After the unsuccessful Wagner rebellion, the Kremlin announced the mercenary group’s leader Yevgeny Prigozhin met with Vladimir Putin on June 29 to discuss the “assessment” of Russia’s war in Ukraine. It has been several weeks since the aborted uprising, but the West remains plagued with more queries than clarity. Is the Wagner group operating in Belarus? Was this another instance of Russia’s “maskirovka? Is Putin’s regime about to implode? It is hard to say for certain.


However, examining Russia’s statements – both explicitly and implicitly – it is evident that the Kremlin is perturbed by its own regime’s instability. Such apprehension has likely reverberated through the Russian political apparatus, and it is one that presents an opportunity for the West.



The Kremlin immediately blamed the West, saying “the mutiny plays into the hands of Russia’s external enemies. (...) We warn Western countries against undertaking even the slightest attempts to use the domestic Russian situation to achieve their Russophobic goals.”


On July 10 Sergei Naryshkin, the head of Russia’s Foreign Intelligence Service placed this paranoia on another level. Naryshkin said  the US State department has become the “Ministry of Truth” and provided instructions to American media on how to report on the events in Russia.

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In his latest Telegram post the deputy chairman of Russia’s Security Council gives his customary warped analysis of NATO’s Washington summit and what peace negotiations would mean to Moscow.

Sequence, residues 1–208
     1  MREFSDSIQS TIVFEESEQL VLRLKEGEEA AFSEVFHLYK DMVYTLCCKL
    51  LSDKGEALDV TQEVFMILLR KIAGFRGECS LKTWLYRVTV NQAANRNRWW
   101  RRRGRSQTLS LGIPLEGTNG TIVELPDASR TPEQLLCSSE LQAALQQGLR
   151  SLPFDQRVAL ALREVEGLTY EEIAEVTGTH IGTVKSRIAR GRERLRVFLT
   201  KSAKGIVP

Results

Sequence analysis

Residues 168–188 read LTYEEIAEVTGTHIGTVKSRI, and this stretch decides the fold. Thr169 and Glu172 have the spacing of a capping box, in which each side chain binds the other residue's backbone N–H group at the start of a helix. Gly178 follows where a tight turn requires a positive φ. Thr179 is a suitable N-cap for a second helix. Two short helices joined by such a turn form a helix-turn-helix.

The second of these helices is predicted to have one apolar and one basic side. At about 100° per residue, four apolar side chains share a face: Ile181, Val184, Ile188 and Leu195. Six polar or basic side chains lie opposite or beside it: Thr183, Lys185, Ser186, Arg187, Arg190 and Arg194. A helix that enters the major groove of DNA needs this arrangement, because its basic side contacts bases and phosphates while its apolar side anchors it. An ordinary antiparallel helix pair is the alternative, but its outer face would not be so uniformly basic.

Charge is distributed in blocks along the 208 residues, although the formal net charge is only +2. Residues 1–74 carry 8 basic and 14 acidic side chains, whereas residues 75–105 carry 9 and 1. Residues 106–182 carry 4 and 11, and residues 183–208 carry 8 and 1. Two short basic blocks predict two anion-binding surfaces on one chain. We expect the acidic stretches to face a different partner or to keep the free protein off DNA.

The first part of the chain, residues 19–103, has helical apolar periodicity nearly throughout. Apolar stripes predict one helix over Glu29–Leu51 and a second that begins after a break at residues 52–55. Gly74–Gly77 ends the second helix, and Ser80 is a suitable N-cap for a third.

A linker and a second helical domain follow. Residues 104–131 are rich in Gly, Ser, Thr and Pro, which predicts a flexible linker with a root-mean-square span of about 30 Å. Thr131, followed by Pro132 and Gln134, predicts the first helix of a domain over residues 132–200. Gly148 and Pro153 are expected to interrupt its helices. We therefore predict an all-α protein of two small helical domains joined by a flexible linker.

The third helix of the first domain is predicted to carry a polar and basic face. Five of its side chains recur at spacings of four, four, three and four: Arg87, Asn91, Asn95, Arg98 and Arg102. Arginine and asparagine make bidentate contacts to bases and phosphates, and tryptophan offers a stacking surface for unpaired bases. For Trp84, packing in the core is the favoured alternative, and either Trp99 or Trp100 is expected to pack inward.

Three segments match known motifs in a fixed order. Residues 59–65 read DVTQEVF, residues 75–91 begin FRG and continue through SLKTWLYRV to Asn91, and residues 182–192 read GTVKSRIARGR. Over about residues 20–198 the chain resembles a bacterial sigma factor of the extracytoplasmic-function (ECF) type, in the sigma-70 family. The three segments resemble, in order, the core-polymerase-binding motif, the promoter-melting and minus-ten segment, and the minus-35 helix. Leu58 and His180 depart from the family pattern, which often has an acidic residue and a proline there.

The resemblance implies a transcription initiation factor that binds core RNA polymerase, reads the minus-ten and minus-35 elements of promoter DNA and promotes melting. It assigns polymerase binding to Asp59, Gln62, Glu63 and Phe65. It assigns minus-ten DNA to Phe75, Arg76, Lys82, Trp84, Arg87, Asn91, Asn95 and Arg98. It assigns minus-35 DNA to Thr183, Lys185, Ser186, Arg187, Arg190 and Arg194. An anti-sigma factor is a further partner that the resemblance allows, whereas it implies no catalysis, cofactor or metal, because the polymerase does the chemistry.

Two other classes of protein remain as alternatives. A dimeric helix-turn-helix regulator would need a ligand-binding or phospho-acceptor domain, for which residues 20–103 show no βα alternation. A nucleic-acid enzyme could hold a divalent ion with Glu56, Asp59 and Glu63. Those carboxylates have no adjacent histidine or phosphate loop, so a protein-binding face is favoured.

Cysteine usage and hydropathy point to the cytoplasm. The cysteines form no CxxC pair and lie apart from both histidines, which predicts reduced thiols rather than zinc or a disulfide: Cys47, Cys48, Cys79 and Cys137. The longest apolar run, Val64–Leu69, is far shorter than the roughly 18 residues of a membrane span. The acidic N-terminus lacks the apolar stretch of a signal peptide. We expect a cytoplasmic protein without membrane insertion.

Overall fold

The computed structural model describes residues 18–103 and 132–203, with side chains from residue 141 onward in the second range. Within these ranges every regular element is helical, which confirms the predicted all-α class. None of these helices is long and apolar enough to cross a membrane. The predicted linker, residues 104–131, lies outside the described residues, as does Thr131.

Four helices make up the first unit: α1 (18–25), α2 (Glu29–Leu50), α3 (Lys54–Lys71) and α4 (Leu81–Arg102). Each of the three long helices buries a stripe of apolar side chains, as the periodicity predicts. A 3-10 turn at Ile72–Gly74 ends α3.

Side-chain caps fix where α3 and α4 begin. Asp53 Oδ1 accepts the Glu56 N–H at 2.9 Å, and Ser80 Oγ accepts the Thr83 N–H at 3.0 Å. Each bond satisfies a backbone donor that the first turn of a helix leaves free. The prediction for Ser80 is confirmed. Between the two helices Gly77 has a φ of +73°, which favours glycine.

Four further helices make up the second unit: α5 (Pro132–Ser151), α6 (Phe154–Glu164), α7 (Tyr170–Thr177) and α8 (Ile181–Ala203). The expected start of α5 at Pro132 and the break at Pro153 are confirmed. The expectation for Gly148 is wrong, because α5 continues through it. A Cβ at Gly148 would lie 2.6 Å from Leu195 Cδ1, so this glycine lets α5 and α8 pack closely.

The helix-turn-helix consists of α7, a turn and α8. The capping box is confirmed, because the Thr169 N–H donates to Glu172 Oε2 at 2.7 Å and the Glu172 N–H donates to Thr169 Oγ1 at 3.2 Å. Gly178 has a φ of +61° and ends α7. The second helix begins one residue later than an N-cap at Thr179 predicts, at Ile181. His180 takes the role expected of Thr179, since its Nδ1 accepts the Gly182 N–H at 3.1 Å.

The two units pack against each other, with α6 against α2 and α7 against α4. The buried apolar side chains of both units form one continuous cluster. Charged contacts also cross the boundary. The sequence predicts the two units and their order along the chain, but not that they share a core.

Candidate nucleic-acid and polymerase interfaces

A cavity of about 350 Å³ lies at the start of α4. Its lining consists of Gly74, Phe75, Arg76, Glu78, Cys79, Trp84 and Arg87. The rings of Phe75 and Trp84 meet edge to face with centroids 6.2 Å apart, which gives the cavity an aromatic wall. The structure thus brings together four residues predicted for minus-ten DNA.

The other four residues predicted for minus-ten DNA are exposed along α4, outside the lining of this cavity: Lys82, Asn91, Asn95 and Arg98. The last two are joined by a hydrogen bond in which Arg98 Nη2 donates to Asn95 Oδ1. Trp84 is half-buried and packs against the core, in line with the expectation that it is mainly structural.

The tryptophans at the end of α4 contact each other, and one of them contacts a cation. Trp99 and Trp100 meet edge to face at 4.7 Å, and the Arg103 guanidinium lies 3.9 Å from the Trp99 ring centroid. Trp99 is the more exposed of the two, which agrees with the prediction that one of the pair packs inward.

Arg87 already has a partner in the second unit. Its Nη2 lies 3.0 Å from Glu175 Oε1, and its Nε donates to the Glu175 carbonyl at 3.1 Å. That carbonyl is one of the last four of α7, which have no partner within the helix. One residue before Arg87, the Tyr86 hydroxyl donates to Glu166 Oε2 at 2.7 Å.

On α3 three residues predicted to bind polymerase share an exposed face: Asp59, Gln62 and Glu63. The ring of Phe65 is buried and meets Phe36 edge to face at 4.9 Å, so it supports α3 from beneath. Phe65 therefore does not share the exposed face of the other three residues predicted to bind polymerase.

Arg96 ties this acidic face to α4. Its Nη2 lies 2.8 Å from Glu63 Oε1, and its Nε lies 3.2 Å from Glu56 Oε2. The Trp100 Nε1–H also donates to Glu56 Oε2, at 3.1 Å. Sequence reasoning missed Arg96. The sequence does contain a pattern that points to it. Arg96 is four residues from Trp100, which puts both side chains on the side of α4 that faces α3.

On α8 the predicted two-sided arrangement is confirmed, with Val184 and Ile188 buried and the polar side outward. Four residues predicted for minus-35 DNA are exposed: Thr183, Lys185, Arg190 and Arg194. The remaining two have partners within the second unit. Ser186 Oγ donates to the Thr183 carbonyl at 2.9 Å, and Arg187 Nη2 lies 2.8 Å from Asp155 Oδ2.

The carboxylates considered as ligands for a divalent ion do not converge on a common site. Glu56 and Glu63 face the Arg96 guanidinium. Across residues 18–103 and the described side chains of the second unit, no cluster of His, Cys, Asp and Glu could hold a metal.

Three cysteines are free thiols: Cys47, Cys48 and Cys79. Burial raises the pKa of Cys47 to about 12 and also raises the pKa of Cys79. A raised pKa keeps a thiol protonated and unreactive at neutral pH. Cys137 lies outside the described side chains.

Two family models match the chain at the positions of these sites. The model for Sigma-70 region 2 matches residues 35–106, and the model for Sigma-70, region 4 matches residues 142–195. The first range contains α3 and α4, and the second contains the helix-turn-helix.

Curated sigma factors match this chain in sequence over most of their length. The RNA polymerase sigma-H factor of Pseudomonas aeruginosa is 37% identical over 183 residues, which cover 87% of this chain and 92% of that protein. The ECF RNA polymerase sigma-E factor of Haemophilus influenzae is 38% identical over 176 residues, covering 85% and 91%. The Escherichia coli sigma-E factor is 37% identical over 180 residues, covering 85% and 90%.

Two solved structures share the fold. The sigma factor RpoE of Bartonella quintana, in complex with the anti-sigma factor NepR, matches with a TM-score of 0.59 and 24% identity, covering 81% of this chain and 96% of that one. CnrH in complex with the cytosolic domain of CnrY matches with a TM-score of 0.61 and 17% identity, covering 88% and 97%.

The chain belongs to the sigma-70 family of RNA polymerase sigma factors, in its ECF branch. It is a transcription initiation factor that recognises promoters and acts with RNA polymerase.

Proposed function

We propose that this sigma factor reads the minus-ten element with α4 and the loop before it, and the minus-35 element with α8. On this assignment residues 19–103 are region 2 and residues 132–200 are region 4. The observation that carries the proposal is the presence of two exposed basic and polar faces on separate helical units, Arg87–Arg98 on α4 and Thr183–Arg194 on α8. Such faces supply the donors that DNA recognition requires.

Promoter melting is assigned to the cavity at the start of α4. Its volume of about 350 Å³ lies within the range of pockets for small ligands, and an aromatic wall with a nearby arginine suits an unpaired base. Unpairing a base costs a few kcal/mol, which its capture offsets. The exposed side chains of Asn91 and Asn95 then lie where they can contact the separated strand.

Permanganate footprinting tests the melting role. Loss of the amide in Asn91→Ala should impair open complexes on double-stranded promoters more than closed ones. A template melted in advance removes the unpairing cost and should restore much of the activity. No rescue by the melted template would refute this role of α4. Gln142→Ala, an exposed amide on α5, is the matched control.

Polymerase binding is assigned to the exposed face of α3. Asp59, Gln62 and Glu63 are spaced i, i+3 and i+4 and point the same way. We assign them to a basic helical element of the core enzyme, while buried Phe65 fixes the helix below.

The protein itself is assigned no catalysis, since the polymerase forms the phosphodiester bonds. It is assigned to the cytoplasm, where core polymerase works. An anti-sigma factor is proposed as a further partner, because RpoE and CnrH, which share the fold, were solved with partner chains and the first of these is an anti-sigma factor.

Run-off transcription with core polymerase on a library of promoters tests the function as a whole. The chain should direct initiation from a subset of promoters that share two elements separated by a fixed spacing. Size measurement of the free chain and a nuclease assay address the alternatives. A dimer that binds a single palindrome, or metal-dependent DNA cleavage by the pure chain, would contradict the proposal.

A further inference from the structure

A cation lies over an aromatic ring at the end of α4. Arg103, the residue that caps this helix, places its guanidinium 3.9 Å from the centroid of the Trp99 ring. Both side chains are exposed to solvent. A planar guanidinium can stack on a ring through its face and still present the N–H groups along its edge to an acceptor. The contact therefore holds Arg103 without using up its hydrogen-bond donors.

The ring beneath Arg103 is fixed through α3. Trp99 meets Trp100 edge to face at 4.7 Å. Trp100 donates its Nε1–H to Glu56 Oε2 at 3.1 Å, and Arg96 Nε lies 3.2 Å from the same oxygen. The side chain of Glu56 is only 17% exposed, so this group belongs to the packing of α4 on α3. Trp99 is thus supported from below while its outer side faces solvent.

He alluded to American informational campaigns aimed at influencing the mindset of Russians to incite a violent resistance against the regime, one that could potentially lead to an armed uprising and motivate them to pit one form of power against another.


This has to be read in conjunction with his statement from July 7 when Naryshkin presented documents after the Russian Revolution in 1917 where he portrayed the civil war as a Pyrrhic victory. Referring to historical events from 1917 is not a mere coincidence. This signals that the Kremlin fears turmoil in the country.



However, for those familiar with Prigozhin’s rivalry with the Russian Ministry of Defense, the rebellion should not be surprising. The rivalry between Prigozhin and the Russian Ministry of Defense, coupled with Putin's growing reliance on Prigozhin’s Wagner Group amid a manpower shortage, incited tensions, particularly as the defense ministry began limiting resources and ammunition to the group.


The tension escalated to a climax at the Battle of Bakhmut and was further exacerbated by a June 10 announcement by the Russian Ministry of Defense to incorporate all irregular units, including the Wagner Group, into the Russian Armed Forces, subsequently triggering the rebellion.


While some observers hailed what they perceived as Putin's imminent political downfall in June, it is naive to expect the incident to prompt a transition towards a Western-style democratization in Russia, especially given that Prigozhin espouses a more extreme right-wing ideology than the current leader.